Kristi Kates 9/28/09
The Bihlman Bros. - What U Want
Scot Little Bihlman and Jeff Jabo Bihlman, along with Charlie Cornbread Short and Gary Worden, make up the Bihlman Bros., a grunge-country-rock quartet in the vein of a more rustic Stone Temple Pilots or a Pearl Jam light, although the echoes of many different bands can be heard within their range of songs. Opening with the aggressive I Wanna Fly, the album quickly takes a turn for the mellow by track three, Jubilee, a Southern-rock influenced number with well-arranged harmonies. Angels Wings is another slow tune, showcasing a slightly Hendrix feel, and is followed by Needle and Thread, which recollects the best of Hootie and the Blowfish. The brothers vocals do blend well together, especially on the aforementioned Angels Wings and later track Better Place, and the guitar work is adroit and well-mixed; the one real misstep on the set seems to be Shotgun, which is a little too gimmicky and unfinished sounding amidst the rest of the albums polished production values.
Barbara Faith Jordan - Passages
With her clean vocal lines and self-assured acoustic guitar work, Barbara Faith Jordans set shows off her thoughtful songwriting and narrative sensitivity, especially on songs like Theres a Friend, and See What You Made Me Do. A few of the songs here are slightly darker in tone, which makes for a nice change - especially Loose Ends, which features detailed characters, some interesting minor chords, and a shift into falsetto towards the end of the song thats reminiscent of Tori Amos. Speaking of Amos, the piano work of Dave Proulx on I Remembered to Forget You also falls into that similar sound, and the keyboard tones line up well with Jordans vocals - her voice almost seems to stand out better at times against the piano than the guitar. Elsewhere on the set, she channels the likes of a Mary Chapin Carpenter or a Shawn Colvin on Youre Too Much, and closes the collection fittingly with the thankful Blessed By It All.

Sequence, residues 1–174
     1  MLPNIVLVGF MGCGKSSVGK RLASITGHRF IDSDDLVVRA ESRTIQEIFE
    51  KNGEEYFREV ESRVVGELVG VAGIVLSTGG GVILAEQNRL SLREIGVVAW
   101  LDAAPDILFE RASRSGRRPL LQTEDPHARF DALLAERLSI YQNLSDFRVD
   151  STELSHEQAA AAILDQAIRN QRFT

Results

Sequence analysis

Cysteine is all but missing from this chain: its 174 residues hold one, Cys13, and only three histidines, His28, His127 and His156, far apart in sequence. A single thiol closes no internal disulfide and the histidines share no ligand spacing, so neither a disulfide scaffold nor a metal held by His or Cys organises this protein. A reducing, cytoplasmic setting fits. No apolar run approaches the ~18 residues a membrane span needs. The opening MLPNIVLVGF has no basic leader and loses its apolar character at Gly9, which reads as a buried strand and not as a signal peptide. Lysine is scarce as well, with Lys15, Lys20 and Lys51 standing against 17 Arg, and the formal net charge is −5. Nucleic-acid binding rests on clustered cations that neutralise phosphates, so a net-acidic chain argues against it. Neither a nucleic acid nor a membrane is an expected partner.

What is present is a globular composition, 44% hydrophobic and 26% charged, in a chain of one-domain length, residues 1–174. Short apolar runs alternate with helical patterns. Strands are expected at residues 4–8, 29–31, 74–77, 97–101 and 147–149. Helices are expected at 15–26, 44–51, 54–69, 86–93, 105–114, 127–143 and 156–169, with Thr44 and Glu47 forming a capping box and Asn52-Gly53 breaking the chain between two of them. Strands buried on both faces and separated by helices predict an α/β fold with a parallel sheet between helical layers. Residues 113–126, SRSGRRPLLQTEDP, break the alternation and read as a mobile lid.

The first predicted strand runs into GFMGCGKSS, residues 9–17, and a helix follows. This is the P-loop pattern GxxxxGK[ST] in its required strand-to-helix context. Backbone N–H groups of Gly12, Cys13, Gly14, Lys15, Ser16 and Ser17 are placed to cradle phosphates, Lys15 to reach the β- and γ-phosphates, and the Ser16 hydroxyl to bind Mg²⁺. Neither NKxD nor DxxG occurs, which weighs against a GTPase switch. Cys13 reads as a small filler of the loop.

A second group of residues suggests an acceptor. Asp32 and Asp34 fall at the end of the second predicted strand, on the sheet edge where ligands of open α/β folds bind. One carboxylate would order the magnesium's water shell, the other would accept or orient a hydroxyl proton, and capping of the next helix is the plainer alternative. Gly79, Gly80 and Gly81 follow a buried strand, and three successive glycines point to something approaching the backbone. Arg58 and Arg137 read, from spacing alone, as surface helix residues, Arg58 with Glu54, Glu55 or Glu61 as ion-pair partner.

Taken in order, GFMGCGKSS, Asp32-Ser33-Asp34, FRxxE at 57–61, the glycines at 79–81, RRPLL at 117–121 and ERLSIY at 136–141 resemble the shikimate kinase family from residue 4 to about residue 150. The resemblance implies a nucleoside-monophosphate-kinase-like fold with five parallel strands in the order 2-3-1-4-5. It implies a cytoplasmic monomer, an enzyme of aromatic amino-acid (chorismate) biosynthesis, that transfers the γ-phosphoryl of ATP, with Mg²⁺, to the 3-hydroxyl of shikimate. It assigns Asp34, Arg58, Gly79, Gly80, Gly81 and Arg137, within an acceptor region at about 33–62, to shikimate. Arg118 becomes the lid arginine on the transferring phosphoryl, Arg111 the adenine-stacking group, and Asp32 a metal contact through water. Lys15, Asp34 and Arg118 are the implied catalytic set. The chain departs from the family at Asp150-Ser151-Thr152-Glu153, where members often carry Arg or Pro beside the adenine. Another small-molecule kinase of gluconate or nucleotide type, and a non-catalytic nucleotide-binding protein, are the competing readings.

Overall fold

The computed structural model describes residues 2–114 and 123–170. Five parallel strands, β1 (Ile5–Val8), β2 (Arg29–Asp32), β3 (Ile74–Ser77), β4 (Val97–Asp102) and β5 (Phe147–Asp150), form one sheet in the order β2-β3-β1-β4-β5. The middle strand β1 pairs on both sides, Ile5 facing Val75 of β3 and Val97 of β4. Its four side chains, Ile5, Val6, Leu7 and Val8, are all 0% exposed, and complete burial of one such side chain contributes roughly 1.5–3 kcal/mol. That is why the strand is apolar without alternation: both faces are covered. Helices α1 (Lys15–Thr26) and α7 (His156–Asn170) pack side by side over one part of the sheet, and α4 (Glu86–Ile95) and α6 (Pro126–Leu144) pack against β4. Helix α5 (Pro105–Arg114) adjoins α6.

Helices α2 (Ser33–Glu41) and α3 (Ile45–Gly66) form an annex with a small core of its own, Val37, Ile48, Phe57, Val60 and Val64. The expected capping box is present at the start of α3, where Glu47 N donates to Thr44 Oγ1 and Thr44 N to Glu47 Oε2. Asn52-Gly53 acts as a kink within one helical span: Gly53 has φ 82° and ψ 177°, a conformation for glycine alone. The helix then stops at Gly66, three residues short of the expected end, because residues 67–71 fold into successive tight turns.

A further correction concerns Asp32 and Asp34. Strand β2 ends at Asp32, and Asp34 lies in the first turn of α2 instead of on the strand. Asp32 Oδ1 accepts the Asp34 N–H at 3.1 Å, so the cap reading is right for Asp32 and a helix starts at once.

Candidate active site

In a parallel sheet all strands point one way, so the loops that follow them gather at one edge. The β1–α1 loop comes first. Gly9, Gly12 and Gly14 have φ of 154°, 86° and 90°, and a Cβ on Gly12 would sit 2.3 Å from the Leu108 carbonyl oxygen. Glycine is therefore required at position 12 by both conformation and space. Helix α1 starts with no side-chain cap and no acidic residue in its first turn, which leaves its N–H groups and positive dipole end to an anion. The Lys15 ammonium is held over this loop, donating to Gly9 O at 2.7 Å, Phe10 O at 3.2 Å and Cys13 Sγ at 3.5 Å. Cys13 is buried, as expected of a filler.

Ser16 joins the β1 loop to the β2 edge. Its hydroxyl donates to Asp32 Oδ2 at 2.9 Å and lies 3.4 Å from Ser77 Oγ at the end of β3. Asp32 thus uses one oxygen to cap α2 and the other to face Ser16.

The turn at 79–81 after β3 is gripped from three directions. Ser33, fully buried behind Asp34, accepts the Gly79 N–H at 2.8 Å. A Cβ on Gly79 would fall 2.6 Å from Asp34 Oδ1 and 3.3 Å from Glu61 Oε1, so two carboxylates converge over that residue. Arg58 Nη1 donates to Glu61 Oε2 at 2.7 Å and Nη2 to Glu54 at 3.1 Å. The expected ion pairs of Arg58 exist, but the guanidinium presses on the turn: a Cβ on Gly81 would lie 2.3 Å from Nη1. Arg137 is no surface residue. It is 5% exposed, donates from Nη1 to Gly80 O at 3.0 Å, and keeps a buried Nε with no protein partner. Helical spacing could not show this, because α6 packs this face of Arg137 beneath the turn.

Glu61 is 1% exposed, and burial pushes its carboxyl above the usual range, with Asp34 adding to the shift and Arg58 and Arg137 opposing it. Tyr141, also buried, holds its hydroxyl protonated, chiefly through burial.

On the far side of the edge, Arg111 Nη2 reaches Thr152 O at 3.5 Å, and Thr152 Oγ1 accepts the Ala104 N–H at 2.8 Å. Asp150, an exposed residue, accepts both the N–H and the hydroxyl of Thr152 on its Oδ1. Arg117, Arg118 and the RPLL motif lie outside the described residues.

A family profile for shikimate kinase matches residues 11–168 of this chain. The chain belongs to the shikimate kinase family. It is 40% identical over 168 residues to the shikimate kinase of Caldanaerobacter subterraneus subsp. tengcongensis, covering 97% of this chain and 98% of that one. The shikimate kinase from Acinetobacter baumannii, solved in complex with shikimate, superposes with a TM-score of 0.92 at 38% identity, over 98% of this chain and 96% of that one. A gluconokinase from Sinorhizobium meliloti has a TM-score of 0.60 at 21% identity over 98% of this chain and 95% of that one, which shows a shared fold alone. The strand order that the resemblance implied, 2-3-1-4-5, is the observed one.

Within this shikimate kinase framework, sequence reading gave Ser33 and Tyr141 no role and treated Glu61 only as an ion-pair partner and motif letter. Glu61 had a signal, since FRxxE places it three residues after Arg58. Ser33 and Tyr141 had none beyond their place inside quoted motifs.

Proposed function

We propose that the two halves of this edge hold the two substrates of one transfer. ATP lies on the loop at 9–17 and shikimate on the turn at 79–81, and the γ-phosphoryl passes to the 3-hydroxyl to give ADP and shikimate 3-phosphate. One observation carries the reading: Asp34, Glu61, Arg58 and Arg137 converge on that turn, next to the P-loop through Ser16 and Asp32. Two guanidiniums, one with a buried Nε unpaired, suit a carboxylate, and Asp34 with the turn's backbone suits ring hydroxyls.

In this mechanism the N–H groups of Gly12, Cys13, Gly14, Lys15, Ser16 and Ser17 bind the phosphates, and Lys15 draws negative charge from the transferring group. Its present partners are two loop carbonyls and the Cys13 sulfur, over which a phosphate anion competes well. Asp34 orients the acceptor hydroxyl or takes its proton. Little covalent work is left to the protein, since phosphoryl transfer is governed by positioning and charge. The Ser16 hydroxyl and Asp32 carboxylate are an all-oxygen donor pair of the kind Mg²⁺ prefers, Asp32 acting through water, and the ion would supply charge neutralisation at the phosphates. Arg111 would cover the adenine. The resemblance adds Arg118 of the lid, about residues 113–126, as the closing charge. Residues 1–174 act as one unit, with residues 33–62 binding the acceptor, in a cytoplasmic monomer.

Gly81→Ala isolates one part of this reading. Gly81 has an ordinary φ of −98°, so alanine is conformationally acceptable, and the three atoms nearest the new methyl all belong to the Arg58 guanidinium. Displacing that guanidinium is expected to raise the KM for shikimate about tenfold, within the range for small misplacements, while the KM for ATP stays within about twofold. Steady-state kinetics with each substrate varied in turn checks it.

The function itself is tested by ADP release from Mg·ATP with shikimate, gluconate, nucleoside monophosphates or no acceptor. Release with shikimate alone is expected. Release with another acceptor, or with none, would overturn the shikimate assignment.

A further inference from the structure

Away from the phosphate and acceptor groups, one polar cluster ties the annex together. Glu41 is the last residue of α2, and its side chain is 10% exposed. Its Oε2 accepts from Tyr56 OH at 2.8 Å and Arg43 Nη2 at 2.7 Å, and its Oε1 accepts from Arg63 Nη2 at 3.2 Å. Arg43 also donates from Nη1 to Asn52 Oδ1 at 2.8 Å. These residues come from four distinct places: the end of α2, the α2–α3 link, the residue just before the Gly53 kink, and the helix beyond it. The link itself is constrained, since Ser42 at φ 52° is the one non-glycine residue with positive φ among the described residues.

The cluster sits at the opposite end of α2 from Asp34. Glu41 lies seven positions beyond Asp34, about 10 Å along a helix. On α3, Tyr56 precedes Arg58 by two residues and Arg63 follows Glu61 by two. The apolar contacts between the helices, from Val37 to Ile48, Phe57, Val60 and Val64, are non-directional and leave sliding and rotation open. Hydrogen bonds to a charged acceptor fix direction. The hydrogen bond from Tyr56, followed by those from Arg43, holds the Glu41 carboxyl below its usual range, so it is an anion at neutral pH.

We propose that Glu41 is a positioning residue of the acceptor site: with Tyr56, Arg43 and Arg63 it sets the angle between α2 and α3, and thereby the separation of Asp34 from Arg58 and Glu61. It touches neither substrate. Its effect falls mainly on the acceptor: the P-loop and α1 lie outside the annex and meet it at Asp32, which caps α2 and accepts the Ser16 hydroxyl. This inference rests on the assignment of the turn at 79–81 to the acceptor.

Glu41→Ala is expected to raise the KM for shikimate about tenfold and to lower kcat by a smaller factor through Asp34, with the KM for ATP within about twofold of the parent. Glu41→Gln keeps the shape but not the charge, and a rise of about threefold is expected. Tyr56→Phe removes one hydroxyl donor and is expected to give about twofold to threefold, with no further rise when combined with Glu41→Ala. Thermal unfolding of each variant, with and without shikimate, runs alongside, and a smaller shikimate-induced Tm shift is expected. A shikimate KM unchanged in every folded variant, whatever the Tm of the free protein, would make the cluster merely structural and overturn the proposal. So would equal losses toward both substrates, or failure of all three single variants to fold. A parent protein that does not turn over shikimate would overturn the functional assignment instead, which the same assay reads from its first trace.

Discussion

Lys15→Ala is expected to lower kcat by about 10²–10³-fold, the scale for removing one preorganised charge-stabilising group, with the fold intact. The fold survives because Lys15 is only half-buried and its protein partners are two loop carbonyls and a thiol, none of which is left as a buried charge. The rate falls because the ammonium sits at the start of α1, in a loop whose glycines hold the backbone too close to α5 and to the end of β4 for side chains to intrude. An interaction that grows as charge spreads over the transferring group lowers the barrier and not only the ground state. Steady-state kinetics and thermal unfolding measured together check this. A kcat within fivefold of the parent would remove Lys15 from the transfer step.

Ron Harrison - River Rd.
Recorded and mixed in Copemish, Michigan, singer-guitarist Ron Harrison presents a half-dozen jazz-pop tracks on his new album, which opens appropriately with a drumroll. First track Cant Have It All features syncopated rhythms and plucked guitar, setting the stage for track twos continued guitar work and soulful organ. The title track, River Road, is nicely anchored by several stringed instruments and a traipsing rhythm thats well-suited to the road-trek feeling of the song, while the loungey When I Met You adds in piano and woodwinds for some added variety and texture. Harrison could use a little more soul in his vocals, though - while his tone is lucid and on-pitch, it seems he needs to summon up a little more emotion than whats displayed vocally here, as oftentimes he seems to be singing on top of the rest of the instruments, instead of interacting with them and with the song itself. But overall, these tracks are concisely written, and would be a perfect addition to any easy listening radio stations playlist.